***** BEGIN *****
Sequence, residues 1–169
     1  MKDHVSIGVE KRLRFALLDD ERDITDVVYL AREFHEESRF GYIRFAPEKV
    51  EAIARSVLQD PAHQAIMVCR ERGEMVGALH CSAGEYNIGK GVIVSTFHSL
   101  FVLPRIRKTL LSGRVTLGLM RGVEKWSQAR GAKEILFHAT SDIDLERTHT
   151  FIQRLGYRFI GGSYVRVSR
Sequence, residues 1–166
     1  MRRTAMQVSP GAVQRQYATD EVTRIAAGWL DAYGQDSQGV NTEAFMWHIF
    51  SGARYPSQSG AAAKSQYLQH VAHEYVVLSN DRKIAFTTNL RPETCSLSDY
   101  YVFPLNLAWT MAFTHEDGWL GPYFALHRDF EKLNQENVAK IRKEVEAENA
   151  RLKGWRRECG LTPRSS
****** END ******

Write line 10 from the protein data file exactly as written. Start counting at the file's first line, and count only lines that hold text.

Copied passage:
   151  RLKGWRRECG LTPRSS